Have you ever let your child win a game because it was just easier than letting them lose? The world loves a winner and why wouldn’t we want our child to feel like a winner?
Actually, there is a reason: this is Real Life and our child won’t always be a winner. It is important that your child learn how to win and lose with grace.
When kids are sore losers, or rude winners, other children don’t like playing with them. One of our parenting jobs is allowing our kids to lose and learn that they can get through it. Here are 3 tips to make that happen:
- Plan the end of the game before you start playing. Before you start that game of checkers, have the following conversation: ‘At the end of this game, someone is going to win and someone is going to lose. The last time you lost, there was lots of screaming. What will you say this time when you feel sad? What will you say if you win?’
- About 2 minutes before the end of the game, review the plan. Practice what will be said: ‘If you win, you are going to say ‘Great game mom, thanks for playing!’ If you lose, you will say ‘I wish that I had won, thanks for the game of checkers.’ If you feel like you need to, you can do 5 jumping jacks to get your mad out.
- Start a new habit. Make the game more about playing than winning or losing. At the end of the game, begin a tradition of everyone saying, ‘Thanks for playing with me!’ You might all shake hands, have a group hug or just high five. Show your child that all players—win or lose—can enjoy playing the game.
Image of sore loser from Shutterstock.
Julie Freedman Smith and Gail Bell provide tools for real life parenting through their company, Parenting Power™. Using over 40 years of combined experience, they work with parents across the country through telephone coaching and teleconferences to ease the stress and guilt of parents while providing practical solutions to everyday parenting challenges. Visit www.parentingpower.ca
to ask your own parenting questions, and learn how to receive 20% off all services as a Parenting Power Member!
It usually comes as a shock to people that most liver disease in Canada and the US is caused by food abuse and obesity and not by alcohol abuse. The liver of a 10-year-old overweight child who is fed junk all his years can be just as damaged as that of a 60-year-old alcoholic. Both conditions lead to cirrhosis and potentially cancer.
In fact, liver cancer is one of the very few cancers still on the increase. Why? Because people don’t know about the problem. One in ten Canadian has liver disease. Many, if not most, don’t even know about it until the condition is very advanced—perhaps irreversibly.
Your liver performs over 500 jobs and does so silently and judiciously. Among those jobs are the master tasks of managing your cholesterol, hormones and filtering your blood. You can’t survive without any one of those processes. The liver is the largest organ in the body—and it is the only organ that can regenerate itself.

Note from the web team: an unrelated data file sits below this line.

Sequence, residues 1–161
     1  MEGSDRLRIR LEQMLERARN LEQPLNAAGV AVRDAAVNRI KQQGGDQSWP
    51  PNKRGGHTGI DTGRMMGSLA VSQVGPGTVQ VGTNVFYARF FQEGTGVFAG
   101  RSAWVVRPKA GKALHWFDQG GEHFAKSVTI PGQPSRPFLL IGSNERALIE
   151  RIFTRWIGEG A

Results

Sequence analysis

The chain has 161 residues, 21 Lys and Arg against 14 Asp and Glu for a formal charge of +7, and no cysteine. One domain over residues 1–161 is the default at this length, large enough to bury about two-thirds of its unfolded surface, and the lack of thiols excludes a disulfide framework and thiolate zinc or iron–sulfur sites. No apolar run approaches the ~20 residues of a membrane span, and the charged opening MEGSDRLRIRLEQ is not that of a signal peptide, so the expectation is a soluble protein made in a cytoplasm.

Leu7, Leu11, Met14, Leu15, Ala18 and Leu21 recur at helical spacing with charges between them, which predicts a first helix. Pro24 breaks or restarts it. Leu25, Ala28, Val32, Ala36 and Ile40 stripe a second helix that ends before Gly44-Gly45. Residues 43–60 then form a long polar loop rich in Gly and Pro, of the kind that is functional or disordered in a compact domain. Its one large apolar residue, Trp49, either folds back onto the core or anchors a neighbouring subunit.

The Canadian Liver Foundation is sounding the alarm that we can no longer marginalize liver disease as one caused by alcohol abuse alone. Diet plays a much bigger role as does the very preventable, treatable Hepatitis A, B and C. Many carry and transmit this virus without knowing it and yet simple, cost effective screening is available.
So, here is what you can do:
- Have your liver tested for its functionality. It is a simple blood test that you can request from your doctor.
- Have your liver tested for Hep A, B and C and get the appropriate vaccines.
- Remove as much sugar from your diet as possible, as well as bad fats and excess calories. Any healthy lifestyle choices that you make for your heart will also benefit your liver.
- Remove toxic cleaning products and air fresheners from your home—your liver has to filter these things out.
- Watch all drugs and herbal medications. Acetaminophen in particular needs to be managed, high doses and/or in combination with alcohol it is very damaging. So, when that children’s medication says a maximum dose per day, adhere!
Image of cirrhosis from Shutterstock.
Theresa is a Food Communications Specialist and Nutritionist. Her French Canadian influences are a part of her 'no bologna' style as everything is on the table...not just the dinner. She has the unique ability to distill complex health concepts into simple, savvy steps to improve any lifestyle choice.
Theresa is a sought after media commentator and lifestyle pundit on many topics with a particular fascination with human relationships with food and culture. She has two books published in Canada and the US: Cook Once a Week, Eat Well Every Day
and Ace Your Health, 52 Ways to Stack Your Deck
She can be found on Twitter as @theresaalbert
and at www.myfriendinfood.com